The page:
Hometown Medical beats the blues

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Friday, October 21, 2016

SAN JOSE, Calif. – While some providers say the competitive bidding program has hurt their ability to provide quality patient service, Ryan Sampson, operations manager at Hometown Medical Supplies, says he’s had the opposite experience.

“A lot of companies are concerned about the reimbursement cuts and the level of service they’re able to provide to patients,” he said. “We’re actually seeing the inverse of that, in that we’re able to have a closer relationship with the facilities that we work with since there are fewer providers in the marketplace.” 

Hometown Medical accepted 105 Round 2 re-compete contracts for mobility, enteral nutrition and general DME, and has about 20 subcontractors. It also offers complex rehab and orthotics.

Sampson credits a large part of the company’s success to Medline, which manufactures and distributes more than 125,000 products nationwide to customers’ doorsteps, hospitals and long term care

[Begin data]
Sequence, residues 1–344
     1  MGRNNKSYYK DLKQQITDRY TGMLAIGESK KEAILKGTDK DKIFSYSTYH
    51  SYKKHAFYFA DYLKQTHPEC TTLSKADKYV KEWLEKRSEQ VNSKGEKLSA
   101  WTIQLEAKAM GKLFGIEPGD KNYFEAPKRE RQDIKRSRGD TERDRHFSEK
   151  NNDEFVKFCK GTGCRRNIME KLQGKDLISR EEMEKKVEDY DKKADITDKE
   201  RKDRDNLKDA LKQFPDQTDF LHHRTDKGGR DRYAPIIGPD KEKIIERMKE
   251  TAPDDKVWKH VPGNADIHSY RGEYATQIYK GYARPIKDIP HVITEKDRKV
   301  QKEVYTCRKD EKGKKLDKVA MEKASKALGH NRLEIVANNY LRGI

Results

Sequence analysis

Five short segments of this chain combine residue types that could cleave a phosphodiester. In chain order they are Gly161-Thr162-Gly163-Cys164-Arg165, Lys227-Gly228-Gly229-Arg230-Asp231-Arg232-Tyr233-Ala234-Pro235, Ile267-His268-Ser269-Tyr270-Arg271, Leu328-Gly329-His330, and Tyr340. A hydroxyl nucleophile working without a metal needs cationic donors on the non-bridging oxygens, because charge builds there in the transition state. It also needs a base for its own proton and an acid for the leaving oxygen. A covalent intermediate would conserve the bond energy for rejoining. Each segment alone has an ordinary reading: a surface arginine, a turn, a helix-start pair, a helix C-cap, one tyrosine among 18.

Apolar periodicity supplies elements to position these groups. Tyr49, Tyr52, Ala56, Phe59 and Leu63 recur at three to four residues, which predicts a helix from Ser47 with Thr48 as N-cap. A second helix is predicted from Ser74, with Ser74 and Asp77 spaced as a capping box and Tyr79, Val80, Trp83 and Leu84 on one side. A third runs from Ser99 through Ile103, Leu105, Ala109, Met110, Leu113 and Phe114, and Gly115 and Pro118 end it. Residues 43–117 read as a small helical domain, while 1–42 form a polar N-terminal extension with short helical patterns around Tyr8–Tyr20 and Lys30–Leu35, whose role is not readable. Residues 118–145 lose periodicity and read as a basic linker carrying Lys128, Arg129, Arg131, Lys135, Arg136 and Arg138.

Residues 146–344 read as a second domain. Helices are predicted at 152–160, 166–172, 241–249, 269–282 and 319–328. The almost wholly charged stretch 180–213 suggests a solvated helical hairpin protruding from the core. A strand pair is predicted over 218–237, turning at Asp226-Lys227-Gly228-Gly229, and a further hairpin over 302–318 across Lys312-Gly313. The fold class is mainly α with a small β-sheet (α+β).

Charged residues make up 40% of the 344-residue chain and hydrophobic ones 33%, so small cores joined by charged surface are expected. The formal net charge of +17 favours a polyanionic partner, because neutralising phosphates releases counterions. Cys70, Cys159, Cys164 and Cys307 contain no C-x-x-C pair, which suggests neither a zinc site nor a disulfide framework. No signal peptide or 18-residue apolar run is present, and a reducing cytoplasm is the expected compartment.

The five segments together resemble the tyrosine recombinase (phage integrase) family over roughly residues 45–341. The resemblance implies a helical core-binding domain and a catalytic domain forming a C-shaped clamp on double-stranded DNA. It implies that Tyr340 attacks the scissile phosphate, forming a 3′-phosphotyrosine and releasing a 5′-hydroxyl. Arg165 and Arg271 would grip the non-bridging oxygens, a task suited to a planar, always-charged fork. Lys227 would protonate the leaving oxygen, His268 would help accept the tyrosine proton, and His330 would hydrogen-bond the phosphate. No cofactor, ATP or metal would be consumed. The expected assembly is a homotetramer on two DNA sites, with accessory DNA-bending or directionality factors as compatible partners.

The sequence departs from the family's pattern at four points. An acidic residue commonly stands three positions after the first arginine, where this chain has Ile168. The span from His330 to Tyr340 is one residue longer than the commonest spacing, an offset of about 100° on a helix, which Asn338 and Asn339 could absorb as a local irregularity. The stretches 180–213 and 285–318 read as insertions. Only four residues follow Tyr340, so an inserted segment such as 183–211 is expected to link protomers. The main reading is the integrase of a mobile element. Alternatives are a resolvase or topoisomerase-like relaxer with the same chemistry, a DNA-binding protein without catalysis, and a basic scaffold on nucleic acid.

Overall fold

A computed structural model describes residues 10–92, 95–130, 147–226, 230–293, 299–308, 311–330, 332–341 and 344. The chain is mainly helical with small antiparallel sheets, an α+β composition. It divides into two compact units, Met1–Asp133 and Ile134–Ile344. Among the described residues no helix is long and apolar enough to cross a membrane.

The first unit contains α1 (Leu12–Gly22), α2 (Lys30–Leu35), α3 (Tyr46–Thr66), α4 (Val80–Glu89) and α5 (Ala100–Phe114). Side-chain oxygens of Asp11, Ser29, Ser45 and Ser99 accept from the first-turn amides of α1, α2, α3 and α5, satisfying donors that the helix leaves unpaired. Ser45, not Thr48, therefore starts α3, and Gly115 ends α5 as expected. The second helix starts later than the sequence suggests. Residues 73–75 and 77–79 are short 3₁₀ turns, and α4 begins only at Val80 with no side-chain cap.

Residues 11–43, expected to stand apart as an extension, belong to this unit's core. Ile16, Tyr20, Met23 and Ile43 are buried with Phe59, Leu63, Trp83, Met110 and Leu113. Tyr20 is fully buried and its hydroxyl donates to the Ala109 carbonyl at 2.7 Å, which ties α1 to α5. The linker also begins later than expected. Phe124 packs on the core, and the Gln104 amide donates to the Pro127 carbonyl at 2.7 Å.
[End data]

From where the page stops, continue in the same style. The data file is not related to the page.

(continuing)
facilities. 

“With their flat rate $9.95 shipping, it’s almost a cost benefit to use them, rather than delivering ourselves, when you calculate vehicle expenses and labor costs,” he said.

This is one reason that, while reimbursement rates have decreased, Hometown Medical’s profit margins have stayed relatively stable from the previous round. 

In addition, Hometown Medical streamlined its operations by offshoring all data entry positions to India. 

“Our lowest hourly employees (in the U.S.) make $16 an hour and when you convert that to $6 an hour for data entry in Mumbai, that’s a huge cost savings,” said Sampson. “When you’re processing a walker with a margin of $10, you can’t pay someone $8 for a half hour of processing and still have room to make it work.”

In five years, Sampson says he’d like to see the company offer products in all DME categories. 

“We don’t currently offer emergency supplies such as oxygen, but I’d like to get to the point where we have those services included in our artillery, as well,” he said. “Again, that comes down to whether you get the contracts to do it.”